Biblical Perspective on Racism

by Larry L. Page – Executive Director
Arkansas Faith and Ethics Council

The Bible deals extensively with man’s relationship to his fellow man. In Matthew 22:37-39, Jesus states that loving your neighbor is the second greatest commandment, second only to loving God. A careful study of the Bible shows that it gives important principles that can be applied to race relations.

We are of common origin.
The Bible tells us that humans belong to a single family and have a common origin. Acts 17:26 says, “He (God) has made from one blood every nation of men to dwell on all the face of the earth.” The Genesis account tells of our common ancestry in Adam (Genesis 5) and again in Noah after the flood (Genesis 10). In addition, modern science has shown our common ancestry. Gary Murchie, in his book The Seven Mysteries of Life, shows that all humans are at least 50th cousins to one another.

We are created in the image of God.
Genesis 1:27, “So God created man in His own image; in the image of God He created him; male and female He created them.” The uniqueness and unity of humanity originates from the fact that all people are made in the image of God. Genesis 2:7 tells of God breathing “the breath of life” into man. Each man is unique in that he possesses a soul. Human life is sacred because all human life and only human life is created in the image of God.

Christ died for everyone.
John 3:16 puts no limitation when it says, “whosoever believeth in Him should not perish, but have everlasting life.” God’s saving grace extends to everyone who believes. Hebrews 2:9 says that Christ came to this earth to die for every man. If Christ excluded no one from His love, then neither should we. In fact, Christ commands us to bring the gospel to “all nations” in the Great Commission in Matthew 28:19-20. And again in Luke 24:47, He commands that the “remission of sins should be preached in his name among all nations.”

All believers are part of the family of God.
Believers of all races are brothers and sisters together with God as the one Father. Malachi 2:10 says, “Have we not all one Father? Has not one God created us?” Ephesians 4:4-6 proclaims, “There is one body and one Spirit, just as you were called in one hope of your calling; one Lord, one faith, one baptism; one God and Father of all, who is above all, and through all, and in you all.” There is no room for division within the Body of Believers. God’s Word makes that clear.

God tears down human barriers.
Galatians 3:26 and 28 says, “For you are all sons of God through faith in Christ Jesus. There is neither Jew nor Greek, there is neither male nor female; for you are all one in Christ Jesus.” No human barrier is too strong for Christ to tear down. The problem of racism may seem enormous, but it is not too big for God. In fact, if we are truly “in Christ Jesus,” then division cannot exist among us. The racial barriers that exist must be torn down.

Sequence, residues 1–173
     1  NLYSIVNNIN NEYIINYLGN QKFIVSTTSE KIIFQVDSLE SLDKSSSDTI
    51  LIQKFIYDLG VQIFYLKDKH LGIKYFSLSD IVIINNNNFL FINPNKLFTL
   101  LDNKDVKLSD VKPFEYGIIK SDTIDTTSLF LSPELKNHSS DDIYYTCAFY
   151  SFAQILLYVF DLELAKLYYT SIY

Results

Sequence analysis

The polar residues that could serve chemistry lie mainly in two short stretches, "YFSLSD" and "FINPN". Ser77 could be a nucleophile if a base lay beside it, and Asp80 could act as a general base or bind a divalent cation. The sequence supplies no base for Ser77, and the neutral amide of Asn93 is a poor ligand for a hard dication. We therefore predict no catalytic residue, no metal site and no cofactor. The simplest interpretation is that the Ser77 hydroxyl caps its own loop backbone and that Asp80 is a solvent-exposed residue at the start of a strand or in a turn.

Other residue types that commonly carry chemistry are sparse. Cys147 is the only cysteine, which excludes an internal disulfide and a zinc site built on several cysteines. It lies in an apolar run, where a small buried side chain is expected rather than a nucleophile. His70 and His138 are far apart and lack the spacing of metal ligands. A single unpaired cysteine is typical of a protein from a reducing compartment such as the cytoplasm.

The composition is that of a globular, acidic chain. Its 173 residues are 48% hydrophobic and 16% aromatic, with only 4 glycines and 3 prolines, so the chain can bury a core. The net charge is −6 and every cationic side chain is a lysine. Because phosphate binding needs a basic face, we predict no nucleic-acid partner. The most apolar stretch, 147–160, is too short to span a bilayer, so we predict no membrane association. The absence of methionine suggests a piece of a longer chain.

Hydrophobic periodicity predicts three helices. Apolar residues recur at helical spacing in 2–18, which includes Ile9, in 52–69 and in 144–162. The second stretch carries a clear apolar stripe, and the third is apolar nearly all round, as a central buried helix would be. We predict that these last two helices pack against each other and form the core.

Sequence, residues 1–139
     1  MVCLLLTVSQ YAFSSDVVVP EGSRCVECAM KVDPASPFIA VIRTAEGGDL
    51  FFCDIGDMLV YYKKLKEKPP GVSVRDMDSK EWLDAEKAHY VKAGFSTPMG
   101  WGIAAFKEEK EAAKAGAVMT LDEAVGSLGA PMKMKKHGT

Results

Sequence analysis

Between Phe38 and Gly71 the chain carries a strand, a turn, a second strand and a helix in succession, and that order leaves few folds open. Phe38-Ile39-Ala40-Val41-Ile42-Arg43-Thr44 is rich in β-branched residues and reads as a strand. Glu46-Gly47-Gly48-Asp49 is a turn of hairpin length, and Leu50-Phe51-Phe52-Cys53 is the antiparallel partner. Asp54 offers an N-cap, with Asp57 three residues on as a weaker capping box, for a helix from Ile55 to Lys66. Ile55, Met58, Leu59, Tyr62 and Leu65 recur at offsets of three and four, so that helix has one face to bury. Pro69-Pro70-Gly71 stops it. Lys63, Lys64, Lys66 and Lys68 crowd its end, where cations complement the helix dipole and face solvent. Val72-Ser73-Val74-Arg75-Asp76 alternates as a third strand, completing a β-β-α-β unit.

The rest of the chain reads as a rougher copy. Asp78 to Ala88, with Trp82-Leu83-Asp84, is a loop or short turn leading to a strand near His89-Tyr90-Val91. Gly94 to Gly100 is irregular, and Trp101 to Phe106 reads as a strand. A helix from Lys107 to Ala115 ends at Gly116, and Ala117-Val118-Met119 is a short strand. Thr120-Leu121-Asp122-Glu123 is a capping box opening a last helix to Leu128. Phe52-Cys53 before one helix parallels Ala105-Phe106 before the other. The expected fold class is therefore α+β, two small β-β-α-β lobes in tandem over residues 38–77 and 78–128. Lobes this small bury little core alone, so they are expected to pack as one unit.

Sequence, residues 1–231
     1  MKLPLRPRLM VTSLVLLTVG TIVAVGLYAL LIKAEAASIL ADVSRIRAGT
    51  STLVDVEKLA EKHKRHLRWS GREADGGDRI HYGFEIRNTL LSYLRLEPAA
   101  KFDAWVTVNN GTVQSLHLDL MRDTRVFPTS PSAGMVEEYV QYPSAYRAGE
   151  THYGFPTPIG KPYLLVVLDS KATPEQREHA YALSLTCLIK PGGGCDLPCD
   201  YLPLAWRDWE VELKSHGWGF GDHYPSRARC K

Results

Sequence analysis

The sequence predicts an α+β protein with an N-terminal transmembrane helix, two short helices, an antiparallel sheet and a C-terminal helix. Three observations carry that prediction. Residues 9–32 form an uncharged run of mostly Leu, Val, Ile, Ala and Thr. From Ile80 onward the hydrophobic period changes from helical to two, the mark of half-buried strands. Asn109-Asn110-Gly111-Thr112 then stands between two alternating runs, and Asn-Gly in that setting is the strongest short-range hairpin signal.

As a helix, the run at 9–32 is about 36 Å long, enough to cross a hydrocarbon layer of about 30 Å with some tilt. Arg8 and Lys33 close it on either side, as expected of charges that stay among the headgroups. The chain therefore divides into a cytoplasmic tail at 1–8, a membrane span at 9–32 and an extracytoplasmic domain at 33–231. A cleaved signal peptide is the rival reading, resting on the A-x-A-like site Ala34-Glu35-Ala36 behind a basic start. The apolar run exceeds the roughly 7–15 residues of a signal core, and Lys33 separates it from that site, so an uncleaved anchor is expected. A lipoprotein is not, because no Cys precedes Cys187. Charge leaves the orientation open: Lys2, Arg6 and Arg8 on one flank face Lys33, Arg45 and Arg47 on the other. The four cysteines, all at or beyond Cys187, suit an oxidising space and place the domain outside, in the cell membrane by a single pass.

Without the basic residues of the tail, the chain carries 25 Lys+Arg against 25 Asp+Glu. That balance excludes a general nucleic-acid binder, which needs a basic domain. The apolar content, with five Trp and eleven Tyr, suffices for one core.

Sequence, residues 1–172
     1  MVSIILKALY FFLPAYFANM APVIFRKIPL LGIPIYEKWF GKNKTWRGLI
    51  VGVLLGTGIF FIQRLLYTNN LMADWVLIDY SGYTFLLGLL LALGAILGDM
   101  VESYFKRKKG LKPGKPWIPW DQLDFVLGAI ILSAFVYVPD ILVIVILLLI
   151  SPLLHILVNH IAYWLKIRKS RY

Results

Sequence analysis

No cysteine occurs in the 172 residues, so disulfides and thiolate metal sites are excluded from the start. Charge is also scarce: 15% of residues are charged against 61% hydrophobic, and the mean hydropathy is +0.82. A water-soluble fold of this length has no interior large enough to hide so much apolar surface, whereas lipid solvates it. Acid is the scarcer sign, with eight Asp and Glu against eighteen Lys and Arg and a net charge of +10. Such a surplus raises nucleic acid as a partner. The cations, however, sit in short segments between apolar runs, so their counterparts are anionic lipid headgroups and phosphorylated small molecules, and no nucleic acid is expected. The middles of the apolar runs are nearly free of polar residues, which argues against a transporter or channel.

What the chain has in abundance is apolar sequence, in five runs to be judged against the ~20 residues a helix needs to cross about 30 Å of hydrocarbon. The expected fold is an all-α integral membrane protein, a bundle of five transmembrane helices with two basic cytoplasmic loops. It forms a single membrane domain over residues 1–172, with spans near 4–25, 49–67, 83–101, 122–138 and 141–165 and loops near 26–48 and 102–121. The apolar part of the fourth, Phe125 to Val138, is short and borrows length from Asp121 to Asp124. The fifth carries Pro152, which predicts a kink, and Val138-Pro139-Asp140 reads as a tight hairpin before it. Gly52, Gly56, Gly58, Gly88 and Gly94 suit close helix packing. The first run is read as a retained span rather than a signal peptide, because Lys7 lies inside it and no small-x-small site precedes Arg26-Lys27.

God is no respecter of persons.
Romans 2:11 declares, “For there is no partiality with God.” In the Lord’s eyes, we are all of equal value. Ephesians 6:9 and I Peter 1:17 also says that Lord has “no partiality.” In James 2:1, the Lord commands us to follow in His example when He says, “My brethren, do not hold the faith of our Lord Jesus Christ, the Lord of glory, with partiality.” Race does not matter to God; therefore, it should not matter to us.

The relationship between the Jews and the Samaritans during the time of the New Testament is comparable to the modern race relations in our country. The Samaritans were of mixed races and were despised by many of the Jews. Jesus, however, demonstrated His love for them during His ministry on the earth. John 4 tells of Jesus intentionally traveling through Samaria. It was the usually practice of His day to go around Samaria and not through it, but Jesus said that He “needed” (v. 4) to go through Samaria. Often times people will go out of their way to avoid people of a different race, sometimes without even realizing that they are doing it. While in Samaria, Jesus ministered to the people there, and many became believers. You are never more like Jesus than when you are seeking to be a faithful witness to the world around you, especially when it is hostile to you and to your message.

Love thy neighbor
In Matthew 22:37-40, Jesus says that the second greatest commandment next to loving Him is to “love your neighbor as yourself.” A Biblical stance on racism hangs upon this principle. Luke 10:25-37 is perhaps one of the most famous parables, the story of the “Good Samaritan.” In this parable, Jesus answers the question, “Who is my neighbor?” (v.29) Jesus tells us of a man who was beaten by thieves. A Jewish priest and a Levite both passed by the man without helping him, but a Samaritan came by and gave him help. By telling the Jews that even the Samaritans who they despised were their neighbor, Jesus was telling us that all people are our neighbors whom we are commanded to love and that we demonstrate this love through our actions.

Ministry of Reconciliation
2 Corinthians 6:18-19 says, “Now all things are of God, who has reconciled us to Himself through Jesus Christ, and has given us the ministry of reconciliation, that is, that God was in Christ reconciling the world to Himself, not imputing their trespasses to them, and has committed to us the word of reconciliation.” Christians are given the job of resolving our differences and becoming one in Christ.